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Manual de Plantas de Costa Rica

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The Cutting Edge

Volume XIV, Number 3, July 2007

News and Notes | Leaps and Bounds | Germane Literature | Season's Pick | Annotate your copy

SEASON'S PICK:  Selenicereus inermis (Otto) Britton & Rose vs. S. wercklei (F. A. C. Weber) Britton & Rose (Cactaceae):  a taxonomic and photographic showdown!

Ever since INBio's survey of the area upriver from the long-planned-to-be-dammed Río Grande de Térraba gorge [see The Cutting Edge 7(2): 1, Apr. 2000], we have been nurturing a cutting from the spineless, scandent, and epiphytic cactus that we reported at that time as being a new in-country disjunct of the endemic Selenicereus wercklei.  From the outset, we were suspicious that this south(eastern) entity might prove to be something different; its stems are slightly thicker (ca. 2 cm) and with fewer [3–5(6)] and more prominent ribs than the typical, northern populations of S. wercklei (with ca. 1 cm, 6–9+-ribbed stems):

Térraba plant/Guanacaste plant
Térraba plant/Guanacaste plant

In the Selenicereus key of Britton and Rose (The Cactaceae.  Vol. 2.   1920), two spineless spp. were recognized:

Ribs prominent, 3–5; flowers white.......S. inermis (Venezuela and Colombia)
Ribs low, 6–12; flowers red...................S. wercklei (Costa Rica)

Could the plant from the Térraba region be S. inermis?  Certainly its rib features suggested this, but we still had not seen flowers.  Finally our plant—having nearly perished but eventually surviving and now thriving—flowered this past season (seven years flew fast!), and our suspicions that its flowers might differ from those of the more northern populations were confirmed.  But immediately we noticed something awry, with respect to the Britton and Rose key:  if anything, the flower color was reversed, the outer tepals of the plant with few-ribbed stems being red, vs. green in the plant with more abundantly, but less prominently ribbed stems!

In the following series of photos, the flower on the left is from the Térraba plant, the one on the right from a plant cultivated at a house in Tibás (Valle Central), very near INBio.  The Tibás plant, which flowers every year during this season, is of undetermined wild origin, but is typical of wild plants known from the Cordillera de Guanacaste, and elsewhere north of San José.  The first three photos were obtained by placing a piece of the Tibas plant, with a mature flower bud, beside a mature bud on the Térraba plant growing at our house in Santo Domingo, and watching the two open in the evening.

Térraba plant/Guanacaste plant
Térraba plant/Guanacaste plant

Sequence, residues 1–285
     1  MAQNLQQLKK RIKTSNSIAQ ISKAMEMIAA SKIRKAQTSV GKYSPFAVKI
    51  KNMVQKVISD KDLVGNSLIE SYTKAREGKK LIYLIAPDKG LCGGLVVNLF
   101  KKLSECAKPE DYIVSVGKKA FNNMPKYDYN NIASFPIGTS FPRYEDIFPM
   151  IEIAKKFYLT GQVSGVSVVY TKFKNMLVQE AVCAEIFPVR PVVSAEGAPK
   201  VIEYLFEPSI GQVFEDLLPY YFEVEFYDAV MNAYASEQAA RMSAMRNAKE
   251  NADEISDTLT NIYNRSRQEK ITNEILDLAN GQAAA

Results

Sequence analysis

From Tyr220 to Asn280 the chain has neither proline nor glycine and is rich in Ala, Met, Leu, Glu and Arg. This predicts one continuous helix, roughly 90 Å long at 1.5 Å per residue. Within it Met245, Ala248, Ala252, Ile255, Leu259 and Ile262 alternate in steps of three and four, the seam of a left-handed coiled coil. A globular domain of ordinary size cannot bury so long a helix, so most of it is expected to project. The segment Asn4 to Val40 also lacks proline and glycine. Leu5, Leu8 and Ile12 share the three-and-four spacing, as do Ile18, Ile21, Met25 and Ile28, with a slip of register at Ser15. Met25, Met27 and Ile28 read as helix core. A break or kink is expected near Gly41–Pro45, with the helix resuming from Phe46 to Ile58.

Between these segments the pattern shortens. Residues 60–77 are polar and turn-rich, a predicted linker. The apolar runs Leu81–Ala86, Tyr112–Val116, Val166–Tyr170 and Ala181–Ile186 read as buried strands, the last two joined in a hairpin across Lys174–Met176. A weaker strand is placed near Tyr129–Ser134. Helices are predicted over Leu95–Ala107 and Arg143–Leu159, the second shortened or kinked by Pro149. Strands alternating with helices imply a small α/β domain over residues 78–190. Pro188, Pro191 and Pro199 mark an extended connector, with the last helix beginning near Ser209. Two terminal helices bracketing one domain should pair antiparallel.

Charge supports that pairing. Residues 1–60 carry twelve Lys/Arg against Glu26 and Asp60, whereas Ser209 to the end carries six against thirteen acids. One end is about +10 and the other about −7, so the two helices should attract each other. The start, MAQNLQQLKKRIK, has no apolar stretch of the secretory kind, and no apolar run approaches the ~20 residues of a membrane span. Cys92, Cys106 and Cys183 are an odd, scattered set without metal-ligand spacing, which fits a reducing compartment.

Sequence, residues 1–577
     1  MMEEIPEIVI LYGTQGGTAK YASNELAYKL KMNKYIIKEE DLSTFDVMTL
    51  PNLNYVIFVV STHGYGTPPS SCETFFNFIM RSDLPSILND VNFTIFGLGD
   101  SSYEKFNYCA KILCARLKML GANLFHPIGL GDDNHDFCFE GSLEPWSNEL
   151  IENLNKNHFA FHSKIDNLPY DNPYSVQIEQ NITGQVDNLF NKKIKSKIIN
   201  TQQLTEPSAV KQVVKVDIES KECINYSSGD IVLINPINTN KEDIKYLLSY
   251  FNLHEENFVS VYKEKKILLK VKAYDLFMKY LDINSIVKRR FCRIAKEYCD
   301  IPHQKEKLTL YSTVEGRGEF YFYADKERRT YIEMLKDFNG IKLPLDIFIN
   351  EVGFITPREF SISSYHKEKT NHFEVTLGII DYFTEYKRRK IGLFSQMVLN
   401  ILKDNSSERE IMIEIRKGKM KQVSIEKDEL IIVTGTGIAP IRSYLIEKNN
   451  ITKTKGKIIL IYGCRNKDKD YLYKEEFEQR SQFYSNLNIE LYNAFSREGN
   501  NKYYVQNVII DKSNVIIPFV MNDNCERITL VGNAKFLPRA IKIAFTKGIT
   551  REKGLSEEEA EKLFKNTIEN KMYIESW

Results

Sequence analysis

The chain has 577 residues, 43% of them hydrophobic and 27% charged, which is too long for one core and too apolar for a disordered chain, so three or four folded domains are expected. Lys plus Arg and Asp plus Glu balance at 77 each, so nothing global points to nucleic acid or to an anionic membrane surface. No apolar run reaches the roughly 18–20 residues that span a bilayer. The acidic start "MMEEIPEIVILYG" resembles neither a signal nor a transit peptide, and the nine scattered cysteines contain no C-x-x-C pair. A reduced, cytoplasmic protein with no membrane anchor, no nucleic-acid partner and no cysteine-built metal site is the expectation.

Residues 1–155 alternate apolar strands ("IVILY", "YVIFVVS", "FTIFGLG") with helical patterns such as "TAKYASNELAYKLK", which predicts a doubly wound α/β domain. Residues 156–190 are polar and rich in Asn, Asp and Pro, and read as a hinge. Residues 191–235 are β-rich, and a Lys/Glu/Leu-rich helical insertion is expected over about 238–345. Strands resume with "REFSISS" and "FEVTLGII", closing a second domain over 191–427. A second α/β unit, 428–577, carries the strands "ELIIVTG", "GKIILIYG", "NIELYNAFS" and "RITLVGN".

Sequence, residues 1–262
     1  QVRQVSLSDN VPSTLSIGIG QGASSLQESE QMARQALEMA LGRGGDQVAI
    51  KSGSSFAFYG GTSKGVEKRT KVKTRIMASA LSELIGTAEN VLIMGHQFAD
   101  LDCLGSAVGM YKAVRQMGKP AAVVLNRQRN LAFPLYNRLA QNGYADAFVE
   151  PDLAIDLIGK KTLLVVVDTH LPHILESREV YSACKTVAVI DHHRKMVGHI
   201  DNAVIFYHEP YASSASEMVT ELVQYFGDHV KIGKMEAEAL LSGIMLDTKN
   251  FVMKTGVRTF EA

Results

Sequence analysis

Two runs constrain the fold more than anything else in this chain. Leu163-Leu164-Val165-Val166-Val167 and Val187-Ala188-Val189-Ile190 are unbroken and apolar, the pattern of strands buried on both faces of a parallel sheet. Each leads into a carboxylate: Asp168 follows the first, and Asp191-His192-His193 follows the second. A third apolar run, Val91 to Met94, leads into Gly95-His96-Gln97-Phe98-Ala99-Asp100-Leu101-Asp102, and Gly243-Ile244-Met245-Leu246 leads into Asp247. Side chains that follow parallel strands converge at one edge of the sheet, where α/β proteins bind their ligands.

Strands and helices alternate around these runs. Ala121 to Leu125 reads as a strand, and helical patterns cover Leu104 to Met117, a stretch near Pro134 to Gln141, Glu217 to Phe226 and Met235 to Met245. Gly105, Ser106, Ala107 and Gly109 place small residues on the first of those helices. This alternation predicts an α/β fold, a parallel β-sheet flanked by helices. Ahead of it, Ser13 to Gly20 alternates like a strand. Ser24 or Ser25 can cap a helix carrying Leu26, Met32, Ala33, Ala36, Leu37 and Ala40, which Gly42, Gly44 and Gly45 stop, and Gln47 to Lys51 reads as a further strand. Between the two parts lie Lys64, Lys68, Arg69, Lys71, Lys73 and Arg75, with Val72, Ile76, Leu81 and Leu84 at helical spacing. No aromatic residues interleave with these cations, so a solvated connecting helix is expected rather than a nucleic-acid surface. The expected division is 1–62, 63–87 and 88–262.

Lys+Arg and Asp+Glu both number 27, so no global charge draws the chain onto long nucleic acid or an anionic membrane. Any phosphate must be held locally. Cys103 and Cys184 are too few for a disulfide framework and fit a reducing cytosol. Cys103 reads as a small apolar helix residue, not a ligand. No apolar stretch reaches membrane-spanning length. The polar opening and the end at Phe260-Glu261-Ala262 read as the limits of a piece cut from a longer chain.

Térraba plant/Guanacaste plant
Térraba plant/Guanacaste plant
Térraba plant/Guanacaste plant

In summary, we list here the most noticeable differences between the flowers of these two plants:

  1. The Térraba plant has the outer tepals red, vs. green in the Tibás plant
  2. The Térraba flowers are larger, have a longer tube and tepals, and a thicker tube and style.
  3. The outer tepals soon become reflexed in the Térraba plant, but remain erect or patent in the Tibás plant.
  4. The stigmas are hidden among the anthers in the Térraba plant, but extend beyond the anthers in the Tibás plant.
  5. The Térraba flowers have a sweet, lily-like fragrance that gives way to a pungent Tagetes-like fragrance by morning, while the Tibás flowers have a pungent, Tagetes-like fragrance throughout anthesis.

The motivation for the title of our story is that Selenicereus wercklei was recently placed in synonymy of S. inermis (see Bauer, Cactaceae Syst. Init. 17: 1–63.  2003).  While Dr. Bauer's arguments are cogent and his taxonomy is the logical one to follow, his statement that "The flowers of all these [Costa Rican plants with various stem morphology] are the same as in typical S. inermis and therefore I consider S. wercklei to be a synonym of S. inermis" (p. 48, loc. cit.) suggests that Selenicereus flowers in Costa Rica are all the same*.  Based on our close look at flowers of two of these plants, such is obviously not the case (though Bauer has seen specimens of other fertile material with 4–6 ribs that we have not).  If these floral differences were found to be consistenly associated with the two different stem forms, taxonomic recognition, at least at the subspecific level, would seem to be in order.

One final note:  the photo below is of the single, still-maturing fruit on our Térraba plant, produced by dusting stigmas (of several of its flowers) with pollen from the Tibás plant!  N.B.:  both of these plants appear to be self-sterile.

* Selenicereus testudo (Karw. ex Zucc.) Buxb., the only other Selenicereus that has been known from Costa Rica, is now placed in Strophocactus, and thought not to belong even to the tribe Hylocereeae.

Térraba plant/Guanacaste plant

Photos by B. Hammel.  Térraba plant vouchered by Hammel & Pérez 24274 (CR, INB, MO), Tibás plant by Hammel & Pérez 24275 (CR, INB, MO), Guanacaste plant by Hammel 17810A (CR).



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